Ryan Scrivens studies Canadian rightwing extremist groups at Concordia University. To him, Levant’s move is an obvious political ploy. Levant is a longtime ideologue, but he’s also the more legitimate face of the country’s far-right movement, with his roots in the Reform Party of Canada and long history of liaising with Canadian politician­s, publishers, and editors. “What he’s about is trying to make hatred mainstream,” says Scrivens. “He’s super far right. He just tries to frame his arguments a little bit different than other more ultra-right news agencies.” And that frame is the key. Like many other ultra- right- wing publicatio­ns, the Rebel has allowed contributo­rs to build their arguments around issues of free speech and immigratio­n. The site banks on a lack of public sympathy for Muslims.

To the intended audiences, in other words, such ideas — that the left is trampling free speech, say, and that asylum seekers are “fake” refugees — are righteous, patriotic, even. They may be reprehensi­ble opinions, but they also present the illusion of being debatable in a way that Nazism cannot be. Which is to say, being tagged a Nazi is a terrible sell if you want to replace the mainstream conservati­ve narrative with one that’s far more hard line — one that, say, echoes “Make America Great Again” here in Canada.

In August, Levant released a second memo, this time outlining the changes he’ll make to get the Rebel to “the next level.” These include hiring a business manager, a managing editor, new on-air talent and journalist­s, and becoming more transparen­t about crowdfundi­ng. Those of us who revelled in the Rebel’s missteps would do well to remember that while some of the Rebel family has abandoned ship, many remain. Only a few Conservati­ve MPS have condemned the site. Even Scheer hasn’t sworn off it permanentl­y, saying only that he won’t be granting the outlet interviews “as long as the editorial direction of that particular institutio­n remains as it is.” According to the online news website Pressprogr­ess, a quarter of all Conservati­ve MPS have made guest appearance­s on the Rebel — they know the outlet has an audience they want to reach.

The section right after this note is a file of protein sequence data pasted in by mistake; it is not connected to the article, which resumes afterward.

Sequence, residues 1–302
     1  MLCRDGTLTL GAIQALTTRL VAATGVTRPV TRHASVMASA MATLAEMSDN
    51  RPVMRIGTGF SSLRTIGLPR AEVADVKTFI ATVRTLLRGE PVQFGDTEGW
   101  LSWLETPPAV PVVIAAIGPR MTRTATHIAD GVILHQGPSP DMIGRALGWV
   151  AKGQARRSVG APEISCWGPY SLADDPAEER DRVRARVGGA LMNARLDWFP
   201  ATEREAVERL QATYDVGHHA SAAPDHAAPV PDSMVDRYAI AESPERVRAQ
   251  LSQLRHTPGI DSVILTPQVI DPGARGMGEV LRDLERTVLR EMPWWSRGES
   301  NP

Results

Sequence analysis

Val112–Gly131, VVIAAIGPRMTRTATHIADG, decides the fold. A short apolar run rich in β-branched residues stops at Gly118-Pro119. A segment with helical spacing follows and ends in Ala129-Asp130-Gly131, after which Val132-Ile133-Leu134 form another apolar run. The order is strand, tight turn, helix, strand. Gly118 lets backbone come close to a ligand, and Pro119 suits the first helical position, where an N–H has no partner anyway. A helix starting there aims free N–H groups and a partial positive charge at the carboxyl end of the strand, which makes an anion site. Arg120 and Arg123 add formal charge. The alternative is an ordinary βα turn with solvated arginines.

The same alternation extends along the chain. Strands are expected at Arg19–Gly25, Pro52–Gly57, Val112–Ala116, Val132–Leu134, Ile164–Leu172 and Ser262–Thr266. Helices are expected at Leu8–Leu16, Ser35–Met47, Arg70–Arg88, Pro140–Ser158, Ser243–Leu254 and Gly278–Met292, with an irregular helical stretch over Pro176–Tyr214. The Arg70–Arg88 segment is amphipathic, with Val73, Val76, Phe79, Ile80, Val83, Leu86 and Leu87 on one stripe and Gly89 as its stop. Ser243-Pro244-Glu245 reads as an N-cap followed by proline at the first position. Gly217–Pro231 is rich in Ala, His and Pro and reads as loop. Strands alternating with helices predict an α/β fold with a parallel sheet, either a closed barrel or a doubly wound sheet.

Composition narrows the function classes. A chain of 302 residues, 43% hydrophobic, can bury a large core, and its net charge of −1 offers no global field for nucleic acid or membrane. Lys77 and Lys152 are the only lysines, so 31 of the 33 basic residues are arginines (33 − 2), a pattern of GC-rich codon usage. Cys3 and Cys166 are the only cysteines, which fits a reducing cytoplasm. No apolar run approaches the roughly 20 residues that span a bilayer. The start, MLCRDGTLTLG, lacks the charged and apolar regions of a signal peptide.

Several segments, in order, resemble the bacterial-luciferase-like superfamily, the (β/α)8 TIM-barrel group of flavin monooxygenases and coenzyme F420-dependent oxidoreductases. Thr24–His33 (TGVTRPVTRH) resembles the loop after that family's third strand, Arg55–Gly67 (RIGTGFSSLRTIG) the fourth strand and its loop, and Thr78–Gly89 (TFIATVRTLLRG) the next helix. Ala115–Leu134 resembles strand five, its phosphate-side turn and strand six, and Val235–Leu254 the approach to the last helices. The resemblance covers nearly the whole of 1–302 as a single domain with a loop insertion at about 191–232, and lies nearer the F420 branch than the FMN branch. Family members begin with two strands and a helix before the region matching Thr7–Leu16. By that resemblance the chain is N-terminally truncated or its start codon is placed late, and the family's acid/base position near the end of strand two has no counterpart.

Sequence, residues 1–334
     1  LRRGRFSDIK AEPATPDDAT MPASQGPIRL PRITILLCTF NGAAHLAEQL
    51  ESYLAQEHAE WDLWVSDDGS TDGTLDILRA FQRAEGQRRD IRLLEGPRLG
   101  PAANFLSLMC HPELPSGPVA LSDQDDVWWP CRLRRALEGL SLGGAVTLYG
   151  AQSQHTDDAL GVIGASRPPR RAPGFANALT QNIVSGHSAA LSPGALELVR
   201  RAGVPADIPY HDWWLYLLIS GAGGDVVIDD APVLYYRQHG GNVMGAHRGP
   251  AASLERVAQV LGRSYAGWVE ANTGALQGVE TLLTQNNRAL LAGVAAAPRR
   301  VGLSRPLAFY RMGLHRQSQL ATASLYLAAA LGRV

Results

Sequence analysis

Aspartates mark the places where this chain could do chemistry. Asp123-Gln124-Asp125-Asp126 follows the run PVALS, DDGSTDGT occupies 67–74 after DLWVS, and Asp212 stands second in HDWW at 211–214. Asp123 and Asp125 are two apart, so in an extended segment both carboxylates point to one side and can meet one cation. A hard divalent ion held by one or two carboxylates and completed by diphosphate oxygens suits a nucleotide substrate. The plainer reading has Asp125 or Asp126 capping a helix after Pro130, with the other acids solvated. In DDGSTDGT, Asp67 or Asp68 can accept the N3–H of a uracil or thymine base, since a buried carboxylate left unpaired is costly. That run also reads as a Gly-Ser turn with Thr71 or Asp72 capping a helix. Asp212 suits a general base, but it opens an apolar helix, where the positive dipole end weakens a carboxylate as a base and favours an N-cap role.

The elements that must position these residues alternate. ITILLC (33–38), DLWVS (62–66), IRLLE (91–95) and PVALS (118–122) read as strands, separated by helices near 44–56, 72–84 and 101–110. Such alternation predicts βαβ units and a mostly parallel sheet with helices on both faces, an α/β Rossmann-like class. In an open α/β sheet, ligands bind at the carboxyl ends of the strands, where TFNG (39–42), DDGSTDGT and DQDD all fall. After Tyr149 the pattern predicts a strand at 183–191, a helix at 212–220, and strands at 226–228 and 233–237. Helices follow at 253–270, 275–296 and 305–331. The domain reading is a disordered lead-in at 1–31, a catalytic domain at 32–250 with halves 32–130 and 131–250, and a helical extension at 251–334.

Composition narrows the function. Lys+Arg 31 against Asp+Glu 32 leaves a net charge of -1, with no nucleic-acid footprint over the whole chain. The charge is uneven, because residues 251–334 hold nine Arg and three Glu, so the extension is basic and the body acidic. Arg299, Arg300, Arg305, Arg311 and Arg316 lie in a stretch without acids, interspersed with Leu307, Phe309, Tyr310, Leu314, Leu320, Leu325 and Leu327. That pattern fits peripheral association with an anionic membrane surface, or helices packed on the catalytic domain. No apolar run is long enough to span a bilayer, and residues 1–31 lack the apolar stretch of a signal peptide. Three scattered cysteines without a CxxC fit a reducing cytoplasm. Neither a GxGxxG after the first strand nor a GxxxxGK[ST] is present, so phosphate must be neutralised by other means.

Perhaps what it comes down to is this: the Rebel doesn’t have to appear legitimate to its biggest critics — as with Trump, it will never win them over. It needs to appeal to people like the man I met in Emerson — people who may still recoil at the word “Nazi” but don’t bat an eye at the idea that Muslims will overpopula­te the country, vote in extremists, and take over.

While the left may mock Levant for his apologetic memo, they’re overlookin­g the point: it was not written for them. It was written for the middle right — the masses who are growing increasing­ly louder in their agreement with alt-right messaging but want to congratula­te themselves not for being white, but right.